Photo by Amber Marlowe

Photo by Amber Marlowe

Hi. I'm Amanda Hirsch. That's me on the right, looking like I'm having a conversation with someone. 

I'm not, really, but I can't stand pictures where you just stand there and smile, as if we aren't always in motion.

I believe that we can and should write our own script in this life, and that it's damn hard to do so; it requires radical mindfulness and an ability to swim against the cultural tide. This blog is about my experiences trying to create a life that expresses who I truly am, and my reactions to (and ideas for reshaping) a culture that makes authenticity and originality very difficult. My deep hope is that you'll read something here that will make you feel less alone in your own journey to craft the life you want, and/or that will inspire you to live the story of your choosing.

I also share snippets of inspiration from other sources — people and projects and quotes that provoke me to think and understand the world in new ways. 

The Longer Backstory

It all started when I left college for a semester. I had spent my young life up to that point playing by the rules — a straight-A student who got her homework done ahead of time, never bucking convention. Now, away from home, with a few sociology courses under my belt, I was obsessed with knowing the purpose of everything, and if I didn't know the purpose, I couldn't play along. (I was also clinically depressed, something it would take me almost a decade to realize.)

Me in college, getting ready to go rogue

Me in college, getting ready to go rogue

I left school in the middle of a weekday, when I could no longer bear the effort of going through the motions.  "You need to get on a train and go home," my friend Kate counseled, and I did. When I came back the next semester, it was on my own terms. A teacher assigned a standard essay; I asked if I could write a play, instead. I began an independent study, which resulted in a proposal for a new freshman course encouraging students to define what they hoped to achieve in college, and to design a course of study accordingly.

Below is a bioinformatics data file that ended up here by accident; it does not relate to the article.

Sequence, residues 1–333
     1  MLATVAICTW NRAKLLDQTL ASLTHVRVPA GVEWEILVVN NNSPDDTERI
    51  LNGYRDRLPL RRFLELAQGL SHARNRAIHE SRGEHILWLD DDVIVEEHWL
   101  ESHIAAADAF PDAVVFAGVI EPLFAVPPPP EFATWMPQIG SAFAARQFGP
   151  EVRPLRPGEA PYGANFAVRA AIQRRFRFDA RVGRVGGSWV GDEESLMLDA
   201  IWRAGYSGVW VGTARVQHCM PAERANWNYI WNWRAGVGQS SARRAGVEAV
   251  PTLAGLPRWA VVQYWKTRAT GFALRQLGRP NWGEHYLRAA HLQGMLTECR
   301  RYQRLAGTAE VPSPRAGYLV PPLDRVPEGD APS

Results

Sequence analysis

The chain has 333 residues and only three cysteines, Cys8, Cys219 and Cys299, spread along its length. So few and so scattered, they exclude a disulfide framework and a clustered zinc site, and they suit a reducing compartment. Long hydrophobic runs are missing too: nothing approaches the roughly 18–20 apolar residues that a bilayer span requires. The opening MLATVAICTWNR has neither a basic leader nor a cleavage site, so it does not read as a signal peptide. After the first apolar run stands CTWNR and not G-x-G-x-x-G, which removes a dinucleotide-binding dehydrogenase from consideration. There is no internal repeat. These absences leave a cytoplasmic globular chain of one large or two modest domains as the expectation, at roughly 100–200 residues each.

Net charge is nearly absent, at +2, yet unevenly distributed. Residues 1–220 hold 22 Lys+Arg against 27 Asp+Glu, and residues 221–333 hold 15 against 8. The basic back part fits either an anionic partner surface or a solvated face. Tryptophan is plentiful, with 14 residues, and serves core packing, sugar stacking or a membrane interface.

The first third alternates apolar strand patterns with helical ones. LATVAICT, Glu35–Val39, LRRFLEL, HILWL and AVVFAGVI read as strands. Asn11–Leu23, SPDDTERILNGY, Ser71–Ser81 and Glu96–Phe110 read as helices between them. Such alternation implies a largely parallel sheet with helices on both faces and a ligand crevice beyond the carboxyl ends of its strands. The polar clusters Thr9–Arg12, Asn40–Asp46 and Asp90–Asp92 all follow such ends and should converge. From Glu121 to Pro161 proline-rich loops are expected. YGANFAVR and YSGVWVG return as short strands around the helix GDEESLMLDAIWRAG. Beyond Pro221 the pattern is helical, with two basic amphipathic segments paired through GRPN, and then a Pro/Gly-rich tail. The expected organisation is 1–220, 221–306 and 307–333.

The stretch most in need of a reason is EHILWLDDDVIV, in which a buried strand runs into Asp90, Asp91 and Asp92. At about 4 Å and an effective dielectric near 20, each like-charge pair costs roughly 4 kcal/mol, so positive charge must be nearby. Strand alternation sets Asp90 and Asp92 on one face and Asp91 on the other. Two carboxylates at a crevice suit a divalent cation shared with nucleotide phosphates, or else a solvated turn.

I was reaching towards mindfulness, years before my first yoga class. I was making things up as I went, long before I found the art of improv comedy.

I was carving my own path, for the first time. 

I have continued to carve my own path, shaping a life that expresses my values and passions, rather than conforming to a pre-determined script.

From the outside, things might look pretty conventional: I'm married, and my husband and I have a 4-year-old daughter. We live in Brooklyn, and are both gainfully (and gratefully) employed in the world of digital content and strategy. We grew up in Rockville, Maryland, where we were high school sweethearts. We cram as much creative expression as possible into our spare time: writing for me, music-making for him, improv comedy for both of us. We have good relationships with our families. We floss. (Well, ok, he flosses — I think about flossing.)

But carving your own path doesn't just mean living in a yurt, or out of the back of a pickup truck. It's less about what the outside looks like, than what the inside feels like. Are you making choices that are true to who you are, and what you want? You could cover yourself in tattoos and sleep with someone different every night of the week and still be tangled up in living out other people's expectations.

I do not hold myself up as an example of perfect authenticity. Far from it. I am not immune to the pressures of other people's expectations, or to media, which bombards me daily with messages about who I'm supposed to be, and what I'm supposed to want: Tight abs, 30-minute weeknight suppers, a loving husband, a thriving career, and babies with Pinterest-worthy bedrooms. Amidst that noise, carving out the space to tune into what I really want frankly feels like a radical act, or at the very least, a difficult one. When I manage to do it, I'm proud of myself. When I don't, I try to find my way back, because I truly believe that each of us is meant to shine in our own way...and that the world needs us to do so.

These are my words to live by:

Don’t ask what the world needs. Ask what makes you come alive, and go do it, because what the world needs is more people who have come alive.
— Howard Thurman

I hope it helps you to read Having it Alt; I know it helps me to write it.

Breadcrumbs to my blogging past:

- Having a Ball Having it All
- Melody Bell (my comedic alterego)
- Creative DC